In his seminal essay The Work of Art in the Age of Mechanical Reproduction (1935), Walter Benjamin optimistically examines how the invention of film (more or less coinciding with the birth of psychoanalysis) changed the perception of the world at large and redefined the function of art. He argues that cinema, by its inherent necessity to be reproduced on a large scale (owing to the sheer amount of financing that goes into it, unlike other arts), destroys the aura – to use Benjamin’s terminology – around a piece of art. The question of authenticity of a work of art, in such a case, becomes irrelevant. Thanks to such mass production, a work of art is no more the centre of the world that connoisseurs must travel miles to see. Art is now delivered at our doorstep, so to speak. It frees cultural expression from the confines of an arthouse by making it accessible to a large part of the public, hence making the perfect tool for political mobilization. He writes:
Mechanical reproduction emancipates the work of art from its parasitical dependence on ritual. To an ever greater degree the work of art reproduced becomes the work of art designed for reproducibility. From a photographic negative, for example, one can make any number of prints; to ask for the “authentic” print makes no sense. But the instant the criterion of authenticity ceases to be applicable to artistic production, the total function of art is reversed. Instead of being based on ritual, it begins to be based on another practice – politics.
This invalidation of the question of authenticity by mass production, far from being a death knell for the arts as some purists may cry, obviates the need to own and collect works of art. Mass production, on the most basic level, thus seems to override socioeconomic disparities, freeing art of the classism and elitism inherent in a ritualistic approach to it (One could dig a little further to see the underlying contradictions within modern, assembly-line production and marketing). This liberation of the arts rings truer in the world of video streaming and peer-to-peer sharing, where even collection of reproductions of work of art, like DVDs, has become a futile exercise (the ritualist cinephile’s last hope is, then, boasting about the number of films she’s watched). So a work of art, essentially, is stripped down to being about its ideas and emotions and our responses to them than about its authenticity, ownership and geographical location.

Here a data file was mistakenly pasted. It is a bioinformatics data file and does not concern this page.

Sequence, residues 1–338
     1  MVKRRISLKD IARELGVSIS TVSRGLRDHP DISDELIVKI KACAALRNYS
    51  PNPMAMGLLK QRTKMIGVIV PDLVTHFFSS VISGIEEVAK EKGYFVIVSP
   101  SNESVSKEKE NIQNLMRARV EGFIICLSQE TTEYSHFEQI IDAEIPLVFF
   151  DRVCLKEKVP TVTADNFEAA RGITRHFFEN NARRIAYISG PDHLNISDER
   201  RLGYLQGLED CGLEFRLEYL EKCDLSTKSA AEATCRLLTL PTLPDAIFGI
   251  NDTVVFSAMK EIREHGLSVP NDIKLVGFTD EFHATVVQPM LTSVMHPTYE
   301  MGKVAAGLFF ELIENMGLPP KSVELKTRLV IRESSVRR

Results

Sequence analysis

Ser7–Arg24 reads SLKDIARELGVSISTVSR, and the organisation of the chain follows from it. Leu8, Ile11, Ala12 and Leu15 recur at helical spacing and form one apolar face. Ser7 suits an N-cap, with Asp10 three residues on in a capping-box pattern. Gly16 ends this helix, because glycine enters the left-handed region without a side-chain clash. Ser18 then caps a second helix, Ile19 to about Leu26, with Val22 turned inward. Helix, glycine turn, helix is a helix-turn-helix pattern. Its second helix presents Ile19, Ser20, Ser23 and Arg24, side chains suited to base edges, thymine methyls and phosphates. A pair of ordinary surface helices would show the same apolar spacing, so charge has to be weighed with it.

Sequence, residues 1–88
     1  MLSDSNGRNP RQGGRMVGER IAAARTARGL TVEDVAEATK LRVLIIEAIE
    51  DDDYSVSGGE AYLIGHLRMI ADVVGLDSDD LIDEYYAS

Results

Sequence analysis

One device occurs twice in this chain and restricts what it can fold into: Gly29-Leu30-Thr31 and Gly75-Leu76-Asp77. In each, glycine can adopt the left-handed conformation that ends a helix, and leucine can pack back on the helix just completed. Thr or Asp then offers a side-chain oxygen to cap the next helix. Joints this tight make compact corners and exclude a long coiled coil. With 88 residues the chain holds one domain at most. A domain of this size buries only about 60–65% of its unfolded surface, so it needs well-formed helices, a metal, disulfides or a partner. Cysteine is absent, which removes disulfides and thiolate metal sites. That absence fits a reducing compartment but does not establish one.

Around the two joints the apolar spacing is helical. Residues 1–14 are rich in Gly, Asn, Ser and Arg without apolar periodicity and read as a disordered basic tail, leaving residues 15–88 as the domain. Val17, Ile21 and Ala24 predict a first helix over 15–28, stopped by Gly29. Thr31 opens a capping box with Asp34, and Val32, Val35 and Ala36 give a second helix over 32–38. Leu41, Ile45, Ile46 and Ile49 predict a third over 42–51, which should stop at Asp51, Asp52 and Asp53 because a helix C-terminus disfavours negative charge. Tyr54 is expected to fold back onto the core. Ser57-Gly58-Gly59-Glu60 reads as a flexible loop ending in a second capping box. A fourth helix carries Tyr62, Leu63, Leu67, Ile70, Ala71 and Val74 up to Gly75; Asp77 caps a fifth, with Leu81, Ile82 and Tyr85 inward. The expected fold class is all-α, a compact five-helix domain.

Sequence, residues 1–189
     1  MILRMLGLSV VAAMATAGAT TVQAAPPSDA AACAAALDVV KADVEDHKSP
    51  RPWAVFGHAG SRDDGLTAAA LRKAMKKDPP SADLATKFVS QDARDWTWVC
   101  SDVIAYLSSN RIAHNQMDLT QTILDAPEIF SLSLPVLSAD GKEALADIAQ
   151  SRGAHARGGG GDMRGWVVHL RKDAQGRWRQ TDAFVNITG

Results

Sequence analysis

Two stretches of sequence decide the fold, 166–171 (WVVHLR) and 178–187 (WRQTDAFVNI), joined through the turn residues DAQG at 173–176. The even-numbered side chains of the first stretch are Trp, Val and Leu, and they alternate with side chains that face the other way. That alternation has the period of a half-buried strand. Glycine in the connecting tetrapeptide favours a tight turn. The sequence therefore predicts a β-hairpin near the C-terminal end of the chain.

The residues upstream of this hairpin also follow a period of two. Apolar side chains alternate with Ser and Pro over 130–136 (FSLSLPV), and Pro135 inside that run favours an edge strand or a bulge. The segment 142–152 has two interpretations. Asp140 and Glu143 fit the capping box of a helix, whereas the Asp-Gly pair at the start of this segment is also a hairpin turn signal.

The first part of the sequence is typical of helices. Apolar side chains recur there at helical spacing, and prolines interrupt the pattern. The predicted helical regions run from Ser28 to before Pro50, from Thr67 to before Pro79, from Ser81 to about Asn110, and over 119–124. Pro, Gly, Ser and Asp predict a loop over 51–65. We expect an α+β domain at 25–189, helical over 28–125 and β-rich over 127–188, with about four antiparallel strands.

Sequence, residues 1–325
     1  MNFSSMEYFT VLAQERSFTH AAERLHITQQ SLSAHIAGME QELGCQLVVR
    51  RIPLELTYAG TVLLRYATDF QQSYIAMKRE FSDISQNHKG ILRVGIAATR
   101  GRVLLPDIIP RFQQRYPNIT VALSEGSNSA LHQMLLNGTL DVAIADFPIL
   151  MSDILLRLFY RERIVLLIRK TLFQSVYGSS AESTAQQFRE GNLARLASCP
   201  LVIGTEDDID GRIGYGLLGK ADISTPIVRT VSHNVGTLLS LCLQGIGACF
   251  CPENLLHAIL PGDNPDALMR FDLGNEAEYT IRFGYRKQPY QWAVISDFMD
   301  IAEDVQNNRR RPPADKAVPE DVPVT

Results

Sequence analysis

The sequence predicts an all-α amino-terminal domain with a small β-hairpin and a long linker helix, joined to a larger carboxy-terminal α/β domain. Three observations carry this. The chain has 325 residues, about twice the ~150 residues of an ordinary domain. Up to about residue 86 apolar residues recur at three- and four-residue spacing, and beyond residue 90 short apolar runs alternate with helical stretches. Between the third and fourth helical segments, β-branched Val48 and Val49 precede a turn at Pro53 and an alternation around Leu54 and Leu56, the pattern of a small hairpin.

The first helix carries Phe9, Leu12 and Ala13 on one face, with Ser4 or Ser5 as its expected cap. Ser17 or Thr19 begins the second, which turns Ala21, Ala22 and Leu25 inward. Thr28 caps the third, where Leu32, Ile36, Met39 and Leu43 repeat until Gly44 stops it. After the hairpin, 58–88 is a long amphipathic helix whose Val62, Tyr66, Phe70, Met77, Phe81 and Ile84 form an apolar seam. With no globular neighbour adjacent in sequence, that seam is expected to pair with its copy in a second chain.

Now, one could argue that films such as Tscherkassky’s (and others’ such as those of Stan Brakhage, which literally have its author’s signature imprinted), which thrive on the existence of a physical medium, only bring back the ritual culture generally alien to cinema (The tendency is also manifest when certain experimental films are auctioned for tens of thousands of dollars and even in certain tenets of the auteur theory). But one could also say that it’s their way of asserting their individuality amidst the ruthless homogenization of commercial cinema, over the effacement of a personal vision by the financial objectives of studios (Tscherkassky’s is very much a work of Second Cinema). Instructions, in particular, resorts to this ritualism only to illustrate the tyranny of film, the olden days when the author could make his material transmute on whim and even impart a part of his personality to his film. Not anymore. Authorship can no longer exist on the frame, only within it. As far as the physical medium goes, the author is dead now, which is not necessarily a bad thing. The film even seems to look forward to a newer, less egotistic cinema as suggested by the strange overlapping of ‘Start’ and ‘Finish’ frames. Now that Tscherkassky has mourned the death of the despotism of film, it’s time for some filmmaker to celebrate the democracy of digital video.
(You can watch the film here. The password to the video is “theauteurs”.)